It’s officially summertime, which means that you’ve got a choice to make: Pool or beach? There are pros and cons to each, so you’ve got to figure out whether you’re a fool for a pool or a total beach nut. Let’s splash on in and decide how to cool off!

Pools can be a great way to experience water without going to a lake or ocean—in fact, that’s why they were invented. Pools are usually smaller than the ocean, but don’t let that fool you: Many are as much as eight feet deep, the same as the Mariana Trench. And just like the ocean, you can hit your head on the bottom. So always wear a heavy iron helmet if you plan to do any diving.

Some people swim laps in pools. This is like pacing back and forth in a room, but way more intense. People doing laps usually get annoyed by people who are not doing laps, and who can blame them? There’s nowhere else to exercise.

Pool behavior is governed by a strict set of edicts issued by the International Committee on Ineffective Rules. The most important one is that there’s no running by the pool. This rule goes back to 1914, when Archduke Ferdinand was running by a pool and was assassinated by a lifeguard, thus starting World War I. Another popular dictate pertains to hygiene. You should always read the sign that says, “Shower before using pool,” before not showering and jumping right into the pool.

Many pools smell like chlorine and pee, although there’s been a trend toward saltwater pools, which smell like saltwater and pee. Some pools have adjacent hot tubs. These are neither salt nor chlorine, but are instead a primordial soup of roiling bacteria. Scientists speculate that life originated more than 100 billion years ago in a hot tub. But how did the hot tub get there? The Large Hadron Collider might have uncovered a clue when it isolated the Higgs boson and found that it resembles a tiny timer with a 15-minute limit.

In pools, the water is generally heated. The ocean is not heated, although we’re working on it. Beaches are made up of scorching-hot silica and razor-sharp mollusk skeletons. Pools are surrounded by smooth wet concrete and stacks of people who slipped and fell. The ocean is often at sea level, but pools are sometimes aboveground, which makes it easier to hand Cheez Whiz and Skid Row cassettes to people in the water.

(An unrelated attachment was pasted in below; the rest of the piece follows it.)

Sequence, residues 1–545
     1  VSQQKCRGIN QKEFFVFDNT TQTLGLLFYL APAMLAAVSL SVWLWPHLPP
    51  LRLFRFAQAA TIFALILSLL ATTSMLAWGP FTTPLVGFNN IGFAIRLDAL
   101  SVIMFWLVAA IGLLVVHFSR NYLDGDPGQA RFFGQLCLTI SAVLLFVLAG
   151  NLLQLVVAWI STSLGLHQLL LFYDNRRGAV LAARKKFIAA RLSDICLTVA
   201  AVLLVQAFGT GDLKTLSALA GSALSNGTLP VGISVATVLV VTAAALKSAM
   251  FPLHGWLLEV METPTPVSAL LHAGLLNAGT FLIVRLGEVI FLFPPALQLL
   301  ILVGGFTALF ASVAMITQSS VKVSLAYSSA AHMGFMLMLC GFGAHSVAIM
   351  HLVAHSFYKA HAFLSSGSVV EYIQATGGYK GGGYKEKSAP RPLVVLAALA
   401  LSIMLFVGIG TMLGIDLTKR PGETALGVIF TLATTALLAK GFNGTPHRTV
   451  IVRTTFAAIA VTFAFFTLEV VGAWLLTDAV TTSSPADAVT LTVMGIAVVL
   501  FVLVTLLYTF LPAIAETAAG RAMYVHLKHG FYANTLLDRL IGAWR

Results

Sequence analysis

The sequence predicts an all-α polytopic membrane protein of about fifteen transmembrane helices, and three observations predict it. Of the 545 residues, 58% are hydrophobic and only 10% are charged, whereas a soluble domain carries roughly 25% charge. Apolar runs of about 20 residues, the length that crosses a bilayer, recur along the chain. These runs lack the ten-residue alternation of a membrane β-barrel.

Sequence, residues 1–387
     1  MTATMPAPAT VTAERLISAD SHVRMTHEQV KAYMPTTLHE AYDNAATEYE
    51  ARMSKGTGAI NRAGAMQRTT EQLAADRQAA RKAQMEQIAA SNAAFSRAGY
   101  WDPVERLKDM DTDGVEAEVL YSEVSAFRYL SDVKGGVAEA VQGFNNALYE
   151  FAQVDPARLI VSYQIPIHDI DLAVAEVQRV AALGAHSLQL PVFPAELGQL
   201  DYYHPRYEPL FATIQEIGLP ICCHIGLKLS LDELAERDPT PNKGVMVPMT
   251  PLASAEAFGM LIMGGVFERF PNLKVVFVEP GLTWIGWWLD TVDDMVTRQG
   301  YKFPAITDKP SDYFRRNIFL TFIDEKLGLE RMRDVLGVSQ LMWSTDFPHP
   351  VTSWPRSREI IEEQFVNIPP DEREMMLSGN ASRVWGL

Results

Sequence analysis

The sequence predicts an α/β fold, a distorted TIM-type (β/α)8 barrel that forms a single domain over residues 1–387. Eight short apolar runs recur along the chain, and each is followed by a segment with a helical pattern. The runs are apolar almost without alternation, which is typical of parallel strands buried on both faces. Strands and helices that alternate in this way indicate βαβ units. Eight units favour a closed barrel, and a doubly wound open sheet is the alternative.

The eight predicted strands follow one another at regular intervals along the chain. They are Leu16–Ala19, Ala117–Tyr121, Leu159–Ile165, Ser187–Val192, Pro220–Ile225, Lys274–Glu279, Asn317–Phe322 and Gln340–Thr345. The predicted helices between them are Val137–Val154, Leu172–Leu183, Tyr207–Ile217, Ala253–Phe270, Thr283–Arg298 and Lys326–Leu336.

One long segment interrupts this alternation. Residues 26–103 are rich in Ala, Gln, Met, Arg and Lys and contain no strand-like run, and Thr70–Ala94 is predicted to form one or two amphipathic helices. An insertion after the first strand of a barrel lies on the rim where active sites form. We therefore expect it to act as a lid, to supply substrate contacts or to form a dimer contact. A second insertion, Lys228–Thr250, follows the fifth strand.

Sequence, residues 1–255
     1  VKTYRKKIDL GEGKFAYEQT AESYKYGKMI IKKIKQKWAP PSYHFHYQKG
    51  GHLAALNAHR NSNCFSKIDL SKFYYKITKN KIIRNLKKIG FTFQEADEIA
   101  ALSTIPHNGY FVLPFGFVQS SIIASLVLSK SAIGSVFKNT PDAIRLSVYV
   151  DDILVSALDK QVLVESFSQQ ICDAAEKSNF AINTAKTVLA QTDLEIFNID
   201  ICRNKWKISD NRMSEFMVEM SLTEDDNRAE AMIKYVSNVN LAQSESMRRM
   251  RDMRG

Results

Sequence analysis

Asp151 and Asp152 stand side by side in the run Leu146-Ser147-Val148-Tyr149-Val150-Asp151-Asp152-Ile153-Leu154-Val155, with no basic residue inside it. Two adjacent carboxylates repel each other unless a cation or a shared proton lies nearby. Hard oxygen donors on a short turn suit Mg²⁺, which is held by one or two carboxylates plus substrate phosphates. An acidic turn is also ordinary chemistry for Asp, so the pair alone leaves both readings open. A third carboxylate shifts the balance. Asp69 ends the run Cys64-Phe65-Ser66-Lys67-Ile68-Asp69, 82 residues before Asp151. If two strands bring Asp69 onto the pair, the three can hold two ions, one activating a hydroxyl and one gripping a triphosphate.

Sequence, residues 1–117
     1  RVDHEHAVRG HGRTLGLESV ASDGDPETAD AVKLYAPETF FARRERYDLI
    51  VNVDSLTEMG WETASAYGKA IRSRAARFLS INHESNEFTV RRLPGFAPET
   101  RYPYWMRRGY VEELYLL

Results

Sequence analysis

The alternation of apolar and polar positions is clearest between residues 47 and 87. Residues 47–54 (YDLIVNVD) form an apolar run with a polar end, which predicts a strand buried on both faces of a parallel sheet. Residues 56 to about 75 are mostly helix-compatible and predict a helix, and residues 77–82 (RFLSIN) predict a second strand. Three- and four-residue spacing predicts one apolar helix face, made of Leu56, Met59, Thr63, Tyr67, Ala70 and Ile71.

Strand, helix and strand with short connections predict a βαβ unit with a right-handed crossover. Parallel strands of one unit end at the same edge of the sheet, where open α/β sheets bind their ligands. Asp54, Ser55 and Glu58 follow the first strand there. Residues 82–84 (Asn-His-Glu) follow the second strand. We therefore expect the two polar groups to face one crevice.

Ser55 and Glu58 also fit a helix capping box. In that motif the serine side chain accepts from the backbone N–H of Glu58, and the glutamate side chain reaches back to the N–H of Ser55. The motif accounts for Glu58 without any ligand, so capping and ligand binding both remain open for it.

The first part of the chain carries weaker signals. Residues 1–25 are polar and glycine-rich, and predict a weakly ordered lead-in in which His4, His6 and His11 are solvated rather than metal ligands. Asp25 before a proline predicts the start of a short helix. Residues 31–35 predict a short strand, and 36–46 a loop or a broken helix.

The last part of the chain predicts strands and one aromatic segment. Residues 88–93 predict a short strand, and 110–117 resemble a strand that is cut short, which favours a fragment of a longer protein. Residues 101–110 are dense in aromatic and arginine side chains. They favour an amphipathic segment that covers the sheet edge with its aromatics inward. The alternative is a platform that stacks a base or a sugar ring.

Now that we’ve thoroughly compared pools and beaches, let’s just talk about beaches. You can drink on any beach, as long as you disguise your alcohol by putting it in a discreet container such as a Solo cup or baby bottle. Then the cop rides by on his ATV and says, “That’s just a person wearing a hard hat with two baby bottles stuck to the sides and hoses coming down into his mouth. Probably nothing but Gerber in there.” But if you’re drinking from an actual can of beer, you’ll be spotted from three miles away by a binocular-wielding commando atop a lighthouse who will radio a SWAT team to drop in from helicopters and put you in a portable jail cell right there on the beach. That is the rule for alcohol.

But just in case, your beach bag should always include an oxygen tank, a bolt-action rifle and Richard Dreyfuss.

Beaches do have sharks, but don’t worry: 85 percent of the time, they’re only in the water. And the rest of the time, they don’t venture past the parking lot. Remember, they’re more afraid of you than you are of them. But just in case, your beach bag should always include an oxygen tank, a bolt-action rifle and Richard Dreyfuss.

Sometimes the beach gets boring, but you can entertain yourself by building a sandcastle. All you need to do is buy a shovel, submit a proposal, acquire the proper permits and adhere to the various code requirements pertaining to temporary on-beach structures. This is a fun way to teach your kids about setback requirements and easements.

The beach can get hot, so you’ll want an umbrella. Depending on the angle of the sun, a beach umbrella will shade either your nose or one elbow, but not both at the same time. To keep your umbrella from blowing away, you should bring at least two 50-pound bags of cement and a set of posthole diggers. Set the umbrella in the cement and let it cure. Then park your car on top of that. Then fill your car with cement and chain it to the nearest granite jetty. Your umbrella will still blow over, but look at how much fun you’ve had writing your initials in wet cement.

So, will you find me at the pool or the beach? Neither. When I want to cool off, I just open a fire hydrant and then go inside my air-conditioned house and watch the firemen ask the neighbors if they know who has a hydrant wrench. Besides, I’m a quarry guy. Geronimo!

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